It’s becoming harder and harder for independent schools to stand out from the crowd. Unless a school is truly a place that is clearly defined by a unique mission – and has the program and lived values to bolster the claim – it risks sinking. Either a facilities arms race will outpower it or lower price alternatives will undercut the market.
Check out a bunch of school websites and have your eyes glaze over with life-long learning, caring teachers, nurturing environment and teaching 21st century skills. And photos of kids excitedly looking at a laptop is so 1996. Even schools that truly are distinctive often fail to find effective ways to demonstrate that.
Let’s Teach 17th Century Skills
And 21st century skills? What of them? In many schools it seems it means using software to keep kids in their seats getting rewards and badges for an updated version of the worksheet.
It’s time to claim 17th century skills for children. Now there’s a way to stand out from the crowd!
So, what in this instance, would C17th skills comprise?
Clearly there’s a limit to how far you can go with this argument but education in the 17th century i- n England at least – certainly had its merits. Let’s take a look.
This was a time before large-scale land enclosure had completely taken over the shared ownership of arable lands so the concept of the commons – particularly as grazing land – was the accepted norm. It was before the inventions of the industrial revolution made all of our lives easier by depriving people of their ability to be self-sustaining small communities. Children growing up in these communities helped on the land and in the cottage industries but were not in the factories and sweat shops of the industrial cities. Instead – if they were lucky – they learned a craft by working alongside their parents and others in the community and developed the skills to create something necessary and useful.
Although limited in its availability, learning was generally valued. It was in this era that important developments in theory and curriculum took shape. Take Comenius for example. He was a Czech teacher, scientist and writer who championed the idea of universal education. And rather than hive away in divisive religious sects and institutions he argued that teachers and learners should come together in common institutions of learning.
Comenius was the innovator who first introduced pictorial textbooks, written in native language instead of Latin, applied effective teaching based on the natural gradual growth from simple to more comprehensive concepts, supported lifelong learning and development of logical thinking by moving from dull memorization, presented and supported the idea of equal opportunity for impoverished children, opened doors to education for women, made instruction universal and practical. – Wikipedia
The House of Commons was so impressed with his work they invited him to England in 1640. Their idea was to have him help in setting up schools for girls and boys, creating books for them and promoting universal learning. When the Civil War started Comenius left England but his ideas were furthered by Samuel Hartlib during Oliver Cromwell’s administration.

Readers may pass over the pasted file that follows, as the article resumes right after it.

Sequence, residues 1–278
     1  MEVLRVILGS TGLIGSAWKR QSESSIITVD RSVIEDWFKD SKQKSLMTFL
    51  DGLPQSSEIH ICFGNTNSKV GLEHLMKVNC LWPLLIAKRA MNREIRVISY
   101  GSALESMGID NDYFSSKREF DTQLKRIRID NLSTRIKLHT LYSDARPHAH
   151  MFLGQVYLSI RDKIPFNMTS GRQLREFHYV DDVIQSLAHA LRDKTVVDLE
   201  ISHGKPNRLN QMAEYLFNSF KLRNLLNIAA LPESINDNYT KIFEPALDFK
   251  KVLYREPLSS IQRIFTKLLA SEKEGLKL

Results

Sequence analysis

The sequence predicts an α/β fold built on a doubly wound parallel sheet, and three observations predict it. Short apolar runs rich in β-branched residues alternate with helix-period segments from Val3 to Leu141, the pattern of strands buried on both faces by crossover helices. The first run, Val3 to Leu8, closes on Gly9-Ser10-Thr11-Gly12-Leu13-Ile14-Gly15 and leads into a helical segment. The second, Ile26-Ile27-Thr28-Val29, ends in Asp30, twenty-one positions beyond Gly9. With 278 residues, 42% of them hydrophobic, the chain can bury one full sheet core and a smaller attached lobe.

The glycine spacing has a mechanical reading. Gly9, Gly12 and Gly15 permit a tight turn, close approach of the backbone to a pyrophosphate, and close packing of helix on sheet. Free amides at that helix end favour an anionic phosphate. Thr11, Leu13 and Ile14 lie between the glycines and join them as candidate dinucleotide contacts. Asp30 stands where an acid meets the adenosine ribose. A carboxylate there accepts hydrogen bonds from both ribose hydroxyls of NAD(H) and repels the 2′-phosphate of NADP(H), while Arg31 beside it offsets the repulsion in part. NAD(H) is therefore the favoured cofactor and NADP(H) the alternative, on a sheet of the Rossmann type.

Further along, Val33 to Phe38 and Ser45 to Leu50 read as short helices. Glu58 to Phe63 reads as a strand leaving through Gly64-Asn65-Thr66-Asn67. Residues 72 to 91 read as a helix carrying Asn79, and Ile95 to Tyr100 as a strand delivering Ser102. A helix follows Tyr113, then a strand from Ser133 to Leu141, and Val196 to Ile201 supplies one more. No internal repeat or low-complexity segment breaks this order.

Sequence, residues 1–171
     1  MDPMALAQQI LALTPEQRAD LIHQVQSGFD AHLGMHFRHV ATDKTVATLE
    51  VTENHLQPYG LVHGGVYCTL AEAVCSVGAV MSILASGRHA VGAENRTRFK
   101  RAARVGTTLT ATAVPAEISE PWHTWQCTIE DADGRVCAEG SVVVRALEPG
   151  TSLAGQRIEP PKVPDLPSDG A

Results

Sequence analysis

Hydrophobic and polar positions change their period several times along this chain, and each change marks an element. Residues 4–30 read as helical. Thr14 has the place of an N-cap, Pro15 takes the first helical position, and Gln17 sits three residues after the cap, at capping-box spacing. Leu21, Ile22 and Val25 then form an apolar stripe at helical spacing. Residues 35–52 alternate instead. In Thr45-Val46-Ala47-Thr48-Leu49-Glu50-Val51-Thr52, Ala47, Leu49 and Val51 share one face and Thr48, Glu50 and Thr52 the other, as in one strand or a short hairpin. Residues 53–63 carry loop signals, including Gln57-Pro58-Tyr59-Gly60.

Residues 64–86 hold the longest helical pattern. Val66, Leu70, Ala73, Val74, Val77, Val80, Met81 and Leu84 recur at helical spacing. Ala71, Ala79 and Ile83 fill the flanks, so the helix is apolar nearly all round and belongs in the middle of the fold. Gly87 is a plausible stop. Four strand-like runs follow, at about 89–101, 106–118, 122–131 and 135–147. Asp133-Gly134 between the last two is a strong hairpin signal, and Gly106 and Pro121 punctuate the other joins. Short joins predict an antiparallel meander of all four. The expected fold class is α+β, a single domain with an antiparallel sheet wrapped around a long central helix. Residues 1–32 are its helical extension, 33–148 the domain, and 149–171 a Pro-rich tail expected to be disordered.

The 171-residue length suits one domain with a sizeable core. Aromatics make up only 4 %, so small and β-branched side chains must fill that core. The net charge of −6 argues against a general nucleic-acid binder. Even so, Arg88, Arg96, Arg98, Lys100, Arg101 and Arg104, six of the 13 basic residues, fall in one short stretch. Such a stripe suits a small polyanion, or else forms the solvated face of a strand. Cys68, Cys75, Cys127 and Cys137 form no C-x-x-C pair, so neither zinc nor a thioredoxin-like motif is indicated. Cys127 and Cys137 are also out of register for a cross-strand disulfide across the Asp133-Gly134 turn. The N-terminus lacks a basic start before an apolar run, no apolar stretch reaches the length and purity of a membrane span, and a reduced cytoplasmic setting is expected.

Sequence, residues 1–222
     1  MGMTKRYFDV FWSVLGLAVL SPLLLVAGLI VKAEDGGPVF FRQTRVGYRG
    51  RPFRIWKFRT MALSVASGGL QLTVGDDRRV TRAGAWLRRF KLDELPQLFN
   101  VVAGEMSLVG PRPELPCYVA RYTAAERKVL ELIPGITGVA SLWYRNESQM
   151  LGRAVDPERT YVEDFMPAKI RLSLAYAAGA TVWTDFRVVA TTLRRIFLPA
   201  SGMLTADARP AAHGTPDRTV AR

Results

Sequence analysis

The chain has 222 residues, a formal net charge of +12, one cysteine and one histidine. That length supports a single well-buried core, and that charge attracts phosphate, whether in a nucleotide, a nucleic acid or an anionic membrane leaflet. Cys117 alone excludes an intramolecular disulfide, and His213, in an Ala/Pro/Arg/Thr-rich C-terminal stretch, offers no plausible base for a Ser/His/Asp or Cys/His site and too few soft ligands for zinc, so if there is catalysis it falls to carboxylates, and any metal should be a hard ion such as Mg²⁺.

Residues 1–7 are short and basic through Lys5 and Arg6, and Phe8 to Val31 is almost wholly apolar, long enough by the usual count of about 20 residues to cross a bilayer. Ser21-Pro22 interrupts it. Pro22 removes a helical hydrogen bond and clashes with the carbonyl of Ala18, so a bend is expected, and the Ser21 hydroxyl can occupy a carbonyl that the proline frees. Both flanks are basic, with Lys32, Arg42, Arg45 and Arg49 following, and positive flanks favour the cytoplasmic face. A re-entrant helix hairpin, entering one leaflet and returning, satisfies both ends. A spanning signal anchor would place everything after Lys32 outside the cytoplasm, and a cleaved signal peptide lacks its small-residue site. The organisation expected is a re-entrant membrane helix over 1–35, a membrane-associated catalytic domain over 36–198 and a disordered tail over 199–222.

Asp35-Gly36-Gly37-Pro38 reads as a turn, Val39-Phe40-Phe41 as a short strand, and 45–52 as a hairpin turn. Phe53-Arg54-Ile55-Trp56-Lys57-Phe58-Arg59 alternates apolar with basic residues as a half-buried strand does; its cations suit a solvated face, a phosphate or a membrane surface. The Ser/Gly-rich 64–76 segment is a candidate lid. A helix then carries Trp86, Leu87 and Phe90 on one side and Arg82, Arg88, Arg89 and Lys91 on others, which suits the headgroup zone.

Hartlib had some very interesting and contemporary sounding notions about learning. For example he was interested in developing a “pansophy” – an encyclopedia of all human knowledge (aka the Britannica and Wikipedia.)
And how about this radical idea from the 17th century:
‘A great fault in teaching [is] that children are not made to learne themselves but are always taught’ (Hartlib Ephemerides 1639).
The British Government’s Hadow report on early education was still quoting Comenius as an influence in 1933:
Comenius had pointed out the educational importance of the first six years of a child’s life and had developed the idea of teaching children of five or six ‘without any tediousnesse to reade and write, as it were in a continuall course of play and pastime’. – Hadow report P.24
And play. Let’s not forget play. Now that pre-school is the new first and second grade and recess is frequently curtailed, let’s go back to this 17th century voice for a great description of children at play:
We see Children do delight in Drums, Pipes, Fiddles, Guns made of Elder sticks, and bellowes noses, piped Keys, etc., painting Flags and Ensigns with Elder-berries and Corn poppy, making ships with Paper, and setting even Nut-shells a swimming, handling the tooles of workmen as soon as they turne their backs, and trying to worke themselves. – William Petty, Physician-General in Cromwell’s army. 1647
Ok so we can only take the argument about the value of 17th century skills so far. Most of us would not readily exchange 2017 with any time in the 1600’s.
And I know I’m also guilty of falling into the F.R. Leavis fallacy. He was a prominent 20th century literary critic who had the notion that, back in that day, England was some kind of organic community – a deeply rooted, locally self-sufficient, village-centric set of connected communities that was then destroyed by the machine age and mass culture. Scholars dispute this theory and historians enter into heated battle over it. It’s why we keep them around. It’s why they are useful.
That said – there is something very 17th century about the modern maker movement. Take away the circuits and 3-d printers and there we have adult and student learners side by side creating stuff. And sometimes what they make is even useful.
Featured image: from Bridget Riley, Conversation; 1992.